How Raytheon Technologies is working to cut carbon emissions

Hybrid electric technologies hold great promise to deliver the fuel economy we will need for the next large commercial engine program. It’s likely by 2035 or sooner that we’ll see the first continental flight powered by a hybrid electric engine, as well as fleets of air taxis in cities around the world, running entirely on electric engines to shuttle people from one part of town to another.

At Raytheon Technologies, theyre aiming to increase the fuel efficiency of conventional gas turbine engines by feeding them supplemental power from electric motors and operating both in smart, optimized combinations throughout different parts of the flight envelope.

Another alternative fuel that has drawn significant attention is hydrogen, which produces no carbon emissions when it is burned. Aircraft manufacturers have started laying out plans for hydrogen-fueled aircraft to enter service in the next 10 to 20 years. And historically, we’ve already shown it’s possible; Pratt & Whitney built an engine that ran on hydrogen in the 1950s.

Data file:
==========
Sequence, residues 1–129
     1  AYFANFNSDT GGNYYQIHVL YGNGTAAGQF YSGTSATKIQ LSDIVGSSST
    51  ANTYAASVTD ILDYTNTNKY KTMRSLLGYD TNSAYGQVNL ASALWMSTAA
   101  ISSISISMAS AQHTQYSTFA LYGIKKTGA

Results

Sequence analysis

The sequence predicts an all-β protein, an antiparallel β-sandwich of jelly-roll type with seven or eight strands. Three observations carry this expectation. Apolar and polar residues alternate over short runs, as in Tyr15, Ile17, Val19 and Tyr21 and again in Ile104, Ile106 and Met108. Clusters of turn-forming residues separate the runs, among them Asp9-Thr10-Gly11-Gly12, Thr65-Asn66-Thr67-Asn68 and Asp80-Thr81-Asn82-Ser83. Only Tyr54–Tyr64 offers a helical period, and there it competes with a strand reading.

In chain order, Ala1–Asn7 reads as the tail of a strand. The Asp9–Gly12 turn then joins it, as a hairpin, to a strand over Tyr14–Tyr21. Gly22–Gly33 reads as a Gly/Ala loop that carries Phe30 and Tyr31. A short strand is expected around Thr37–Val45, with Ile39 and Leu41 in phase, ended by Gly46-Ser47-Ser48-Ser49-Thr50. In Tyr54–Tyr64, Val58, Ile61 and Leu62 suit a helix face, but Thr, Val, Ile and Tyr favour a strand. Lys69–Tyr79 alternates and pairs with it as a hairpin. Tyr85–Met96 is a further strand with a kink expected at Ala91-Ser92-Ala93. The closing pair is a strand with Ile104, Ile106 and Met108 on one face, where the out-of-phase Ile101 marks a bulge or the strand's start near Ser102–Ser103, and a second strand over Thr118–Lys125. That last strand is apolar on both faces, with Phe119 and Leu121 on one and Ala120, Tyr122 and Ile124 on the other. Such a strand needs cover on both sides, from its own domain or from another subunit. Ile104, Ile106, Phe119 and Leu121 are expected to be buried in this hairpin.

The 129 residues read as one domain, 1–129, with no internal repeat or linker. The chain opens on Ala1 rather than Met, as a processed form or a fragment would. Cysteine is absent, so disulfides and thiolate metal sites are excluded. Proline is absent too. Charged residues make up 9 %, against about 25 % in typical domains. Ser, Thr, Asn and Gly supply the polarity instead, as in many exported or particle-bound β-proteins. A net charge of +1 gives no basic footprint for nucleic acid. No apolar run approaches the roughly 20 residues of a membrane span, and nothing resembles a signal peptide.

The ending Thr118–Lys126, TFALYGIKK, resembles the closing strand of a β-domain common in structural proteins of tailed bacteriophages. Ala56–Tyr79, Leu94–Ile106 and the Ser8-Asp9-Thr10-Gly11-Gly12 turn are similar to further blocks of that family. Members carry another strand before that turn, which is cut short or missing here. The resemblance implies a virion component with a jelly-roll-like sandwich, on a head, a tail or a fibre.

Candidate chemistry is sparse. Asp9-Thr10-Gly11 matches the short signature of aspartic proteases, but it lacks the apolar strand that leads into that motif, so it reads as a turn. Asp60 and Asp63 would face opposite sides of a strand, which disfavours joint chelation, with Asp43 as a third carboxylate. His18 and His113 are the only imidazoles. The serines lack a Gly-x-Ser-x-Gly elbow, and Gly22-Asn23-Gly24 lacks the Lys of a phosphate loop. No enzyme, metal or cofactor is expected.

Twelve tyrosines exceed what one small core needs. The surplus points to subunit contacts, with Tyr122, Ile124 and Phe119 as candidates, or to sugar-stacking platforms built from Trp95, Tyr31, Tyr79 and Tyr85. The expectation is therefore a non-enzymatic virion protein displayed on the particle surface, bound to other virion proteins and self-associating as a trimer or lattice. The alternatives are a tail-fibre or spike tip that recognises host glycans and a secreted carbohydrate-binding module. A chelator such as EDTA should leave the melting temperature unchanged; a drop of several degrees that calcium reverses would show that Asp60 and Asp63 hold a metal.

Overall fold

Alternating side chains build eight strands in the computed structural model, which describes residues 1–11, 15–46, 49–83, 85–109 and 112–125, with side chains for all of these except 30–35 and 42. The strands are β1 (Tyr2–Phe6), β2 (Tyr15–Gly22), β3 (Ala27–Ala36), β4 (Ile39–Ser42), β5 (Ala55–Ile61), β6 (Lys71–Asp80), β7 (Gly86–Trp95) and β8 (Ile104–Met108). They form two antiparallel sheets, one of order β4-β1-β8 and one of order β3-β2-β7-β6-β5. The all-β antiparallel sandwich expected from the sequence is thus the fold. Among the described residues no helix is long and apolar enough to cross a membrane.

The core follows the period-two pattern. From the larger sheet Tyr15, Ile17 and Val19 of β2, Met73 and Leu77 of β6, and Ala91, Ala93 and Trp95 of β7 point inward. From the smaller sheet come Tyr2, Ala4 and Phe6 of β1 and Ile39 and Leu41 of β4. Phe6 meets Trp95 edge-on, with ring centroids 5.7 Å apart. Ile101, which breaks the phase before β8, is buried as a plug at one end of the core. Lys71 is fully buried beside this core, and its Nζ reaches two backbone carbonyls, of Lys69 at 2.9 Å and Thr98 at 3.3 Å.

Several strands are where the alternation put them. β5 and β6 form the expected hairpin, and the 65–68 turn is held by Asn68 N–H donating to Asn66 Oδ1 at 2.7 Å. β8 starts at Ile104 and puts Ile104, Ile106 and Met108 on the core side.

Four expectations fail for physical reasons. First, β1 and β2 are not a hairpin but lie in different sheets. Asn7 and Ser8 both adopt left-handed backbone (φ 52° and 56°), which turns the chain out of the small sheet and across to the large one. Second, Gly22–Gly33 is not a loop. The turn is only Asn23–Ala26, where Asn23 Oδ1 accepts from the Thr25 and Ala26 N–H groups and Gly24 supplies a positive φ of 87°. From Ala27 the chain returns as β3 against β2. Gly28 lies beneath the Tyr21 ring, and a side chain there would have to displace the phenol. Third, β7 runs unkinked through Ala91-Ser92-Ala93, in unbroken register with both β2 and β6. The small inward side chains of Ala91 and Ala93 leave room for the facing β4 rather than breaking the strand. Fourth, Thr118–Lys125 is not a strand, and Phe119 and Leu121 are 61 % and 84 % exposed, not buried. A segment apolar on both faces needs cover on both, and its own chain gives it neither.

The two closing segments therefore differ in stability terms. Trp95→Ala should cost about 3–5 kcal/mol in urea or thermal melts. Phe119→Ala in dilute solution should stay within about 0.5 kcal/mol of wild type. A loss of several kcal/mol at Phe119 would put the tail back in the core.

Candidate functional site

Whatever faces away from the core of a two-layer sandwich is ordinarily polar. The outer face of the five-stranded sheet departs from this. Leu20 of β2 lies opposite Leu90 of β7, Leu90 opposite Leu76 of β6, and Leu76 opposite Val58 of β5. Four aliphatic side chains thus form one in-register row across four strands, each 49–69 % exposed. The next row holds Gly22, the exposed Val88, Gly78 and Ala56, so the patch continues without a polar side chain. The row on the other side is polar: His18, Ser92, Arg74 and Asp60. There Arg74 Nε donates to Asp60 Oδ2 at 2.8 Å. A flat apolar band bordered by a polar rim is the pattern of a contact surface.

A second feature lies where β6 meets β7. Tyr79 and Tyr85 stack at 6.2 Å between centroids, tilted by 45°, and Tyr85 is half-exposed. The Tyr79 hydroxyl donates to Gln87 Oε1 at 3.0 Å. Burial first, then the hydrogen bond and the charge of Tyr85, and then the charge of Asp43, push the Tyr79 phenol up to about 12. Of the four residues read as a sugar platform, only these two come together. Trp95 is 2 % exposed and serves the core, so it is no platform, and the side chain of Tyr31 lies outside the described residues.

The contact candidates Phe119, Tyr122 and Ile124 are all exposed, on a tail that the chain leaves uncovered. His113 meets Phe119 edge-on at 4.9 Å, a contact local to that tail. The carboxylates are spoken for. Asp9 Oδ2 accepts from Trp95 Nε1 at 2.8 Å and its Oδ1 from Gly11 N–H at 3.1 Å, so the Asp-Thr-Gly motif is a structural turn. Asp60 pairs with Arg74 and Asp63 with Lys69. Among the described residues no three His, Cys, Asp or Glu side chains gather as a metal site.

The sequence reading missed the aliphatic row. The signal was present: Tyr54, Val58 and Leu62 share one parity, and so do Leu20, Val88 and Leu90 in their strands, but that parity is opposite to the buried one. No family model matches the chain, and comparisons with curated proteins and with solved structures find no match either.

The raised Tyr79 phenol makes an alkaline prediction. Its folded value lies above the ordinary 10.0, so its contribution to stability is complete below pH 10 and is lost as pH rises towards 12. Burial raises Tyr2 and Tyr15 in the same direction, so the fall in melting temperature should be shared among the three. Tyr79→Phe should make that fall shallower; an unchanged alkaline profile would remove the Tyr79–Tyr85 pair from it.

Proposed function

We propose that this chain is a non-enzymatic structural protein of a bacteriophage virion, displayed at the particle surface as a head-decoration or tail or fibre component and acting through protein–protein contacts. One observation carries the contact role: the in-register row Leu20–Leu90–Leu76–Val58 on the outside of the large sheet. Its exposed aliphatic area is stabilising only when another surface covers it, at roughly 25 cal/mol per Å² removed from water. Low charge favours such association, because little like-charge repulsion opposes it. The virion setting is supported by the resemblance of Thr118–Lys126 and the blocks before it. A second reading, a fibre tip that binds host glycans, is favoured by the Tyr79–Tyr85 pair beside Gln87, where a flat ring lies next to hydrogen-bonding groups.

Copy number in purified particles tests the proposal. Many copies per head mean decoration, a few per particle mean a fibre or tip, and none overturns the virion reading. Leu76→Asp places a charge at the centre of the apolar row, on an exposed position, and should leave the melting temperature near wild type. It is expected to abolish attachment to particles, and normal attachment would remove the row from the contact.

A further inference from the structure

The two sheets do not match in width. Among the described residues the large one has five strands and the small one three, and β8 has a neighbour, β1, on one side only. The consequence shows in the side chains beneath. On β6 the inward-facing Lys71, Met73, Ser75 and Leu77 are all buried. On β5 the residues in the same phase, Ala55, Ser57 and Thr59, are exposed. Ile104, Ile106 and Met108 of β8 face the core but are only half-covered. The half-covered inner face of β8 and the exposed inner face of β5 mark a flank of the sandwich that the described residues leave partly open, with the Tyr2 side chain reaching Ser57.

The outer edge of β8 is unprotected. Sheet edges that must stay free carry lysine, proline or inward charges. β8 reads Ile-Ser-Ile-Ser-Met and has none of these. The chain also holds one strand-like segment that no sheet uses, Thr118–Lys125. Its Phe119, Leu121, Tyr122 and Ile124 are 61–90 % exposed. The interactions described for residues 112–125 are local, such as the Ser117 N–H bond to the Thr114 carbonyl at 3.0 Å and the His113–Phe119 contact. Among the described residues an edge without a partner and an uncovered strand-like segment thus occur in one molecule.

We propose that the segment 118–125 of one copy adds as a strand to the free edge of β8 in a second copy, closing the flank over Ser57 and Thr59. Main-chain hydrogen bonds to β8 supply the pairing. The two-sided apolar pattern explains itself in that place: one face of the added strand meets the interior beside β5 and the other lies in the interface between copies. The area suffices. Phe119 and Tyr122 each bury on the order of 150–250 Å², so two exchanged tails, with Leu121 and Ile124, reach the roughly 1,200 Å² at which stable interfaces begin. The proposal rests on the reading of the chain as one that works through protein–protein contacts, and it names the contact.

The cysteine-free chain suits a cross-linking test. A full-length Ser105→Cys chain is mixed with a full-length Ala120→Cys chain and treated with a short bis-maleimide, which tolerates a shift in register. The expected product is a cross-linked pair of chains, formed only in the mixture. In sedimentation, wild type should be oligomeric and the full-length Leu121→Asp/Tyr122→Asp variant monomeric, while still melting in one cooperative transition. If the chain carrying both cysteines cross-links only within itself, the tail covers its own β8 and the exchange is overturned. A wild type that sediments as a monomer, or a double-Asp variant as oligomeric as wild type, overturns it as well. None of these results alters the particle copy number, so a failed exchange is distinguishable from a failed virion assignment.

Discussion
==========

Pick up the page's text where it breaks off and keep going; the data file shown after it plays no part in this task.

Collectively, Collins Aerospace and Raytheon Intelligence & Space have been providing and modernizing datalink and enterprise network solutions to support airlines and the FAA. They have also been key players in providing weather information capabilities, including weather sensors and integrated weather processing systems. Together, and depending on the specific airspace environment, traffic conditions, and the capabilities of the aircraft fleet, operational improvements could lead to reductions in aircraft CO2 emissions by up to 10%. 

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